Should we be surprised? Probably not. Charters have taken an increasing share of the public school market in Atlanta (charter enrollment grew 29 percent between 2011 and 2012, according to the National Alliance for Public Charter Schools), whereas school-district enrollment has been essentially flat at around 49,000 students during that time. Davis failed to convince the Supreme Court of his argument, but his fight tells us that districts that authorize charter schools sometimes have incentives to acquire revenues bound for charter schools or turn charters away altogether.

So...

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Recent blogs by William Phillis of the Ohio Coalition for Equity and Adequacy of School Funding (posted on Diane Ravitch’s website) and Join the Future highlight the academic woes of some of Ohio’s charter schools. Phillis writes: “The Department of Education’s ranking of schools and districts reveals that 83 out of the bottom 84 schools are charter schools.” Join the Future exclaims “Out of the bottom 200 districts, just 21 are traditional public schools, the remaining 179 are charter schools!”

Both authors make spurious comparisons that ought to be dismissed. Both make the mistake of comparing the performance index scores of charter schools to school districts. To compare charters to school districts fails to account for the disproportionate number of disadvantaged students that charters serve. In 2011-12, Ohio charter schools on average enrolled 79 percent economically disadvantaged (ED) and 61 percent African American students.[1] Meanwhile, the statewide average was 46 percent ED and 16 percent African American. So long as the “achievement gaps” persist between race and income groups, is it fair to compare charter school performance with all statewide school districts? And do statistics about the worst-performing charter schools, in comparison with school districts, tell us anything beyond the fact that many charters struggle to narrow achievement gaps?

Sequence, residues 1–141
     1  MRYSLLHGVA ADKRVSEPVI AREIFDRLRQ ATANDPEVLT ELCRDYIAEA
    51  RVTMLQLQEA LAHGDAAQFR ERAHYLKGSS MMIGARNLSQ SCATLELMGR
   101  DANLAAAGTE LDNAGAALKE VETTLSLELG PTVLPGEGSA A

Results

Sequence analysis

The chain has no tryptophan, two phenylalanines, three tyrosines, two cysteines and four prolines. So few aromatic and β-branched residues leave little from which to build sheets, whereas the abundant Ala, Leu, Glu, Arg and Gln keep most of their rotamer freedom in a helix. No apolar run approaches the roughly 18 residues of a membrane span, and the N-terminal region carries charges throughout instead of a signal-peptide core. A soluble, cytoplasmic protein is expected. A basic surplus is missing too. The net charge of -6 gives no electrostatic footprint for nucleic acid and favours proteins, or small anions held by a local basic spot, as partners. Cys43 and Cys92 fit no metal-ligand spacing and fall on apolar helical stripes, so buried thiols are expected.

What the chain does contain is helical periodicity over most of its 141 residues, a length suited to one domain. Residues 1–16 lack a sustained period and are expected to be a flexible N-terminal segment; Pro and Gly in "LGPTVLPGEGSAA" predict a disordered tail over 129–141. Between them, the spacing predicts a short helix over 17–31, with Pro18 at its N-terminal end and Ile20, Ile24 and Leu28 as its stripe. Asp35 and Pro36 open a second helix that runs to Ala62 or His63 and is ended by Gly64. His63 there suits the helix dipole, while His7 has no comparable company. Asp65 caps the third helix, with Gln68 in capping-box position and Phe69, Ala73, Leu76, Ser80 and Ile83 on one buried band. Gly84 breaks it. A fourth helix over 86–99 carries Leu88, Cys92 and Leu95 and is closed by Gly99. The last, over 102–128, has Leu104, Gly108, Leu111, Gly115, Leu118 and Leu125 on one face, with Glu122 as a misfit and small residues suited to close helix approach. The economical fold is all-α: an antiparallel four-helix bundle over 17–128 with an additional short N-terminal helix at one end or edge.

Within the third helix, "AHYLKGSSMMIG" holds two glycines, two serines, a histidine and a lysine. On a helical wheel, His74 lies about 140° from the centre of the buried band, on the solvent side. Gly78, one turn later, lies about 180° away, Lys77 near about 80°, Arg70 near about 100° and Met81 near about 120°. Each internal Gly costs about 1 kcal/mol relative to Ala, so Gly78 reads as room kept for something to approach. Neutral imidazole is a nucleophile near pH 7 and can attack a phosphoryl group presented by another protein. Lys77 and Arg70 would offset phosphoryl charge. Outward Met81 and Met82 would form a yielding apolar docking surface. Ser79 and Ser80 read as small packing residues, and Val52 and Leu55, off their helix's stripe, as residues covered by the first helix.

Taking a building-level view, rather than comparing charter schools to school districts, is a better comparison of charter and district performance. For, at a building-level, we gain a clearer picture of how charter schools...

Lamar Alexander

Dear Attorney General Holder:

I request that the U.S. Department of Justice’s Office of Civil Rights immediately withdraw the motion it filed last month in the U.S. District Court for the Eastern District of Louisiana, in which it asked the court to bar the state of Louisiana from awarding vouchers that would enable low-income students in many areas of the state to attend private schools.  The motion, filed on August 22, 2013, alleges that the Louisiana Scholarship Program impedes federal court orders to desegregate 34 school districts with a history of legally segregated schooling.

While I acknowledge the Department of Justice’s responsibility to monitor compliance with federal desegregation orders, I believe that this motion constitutes unwarranted interference with an innovative state effort to expand educational opportunity for all students.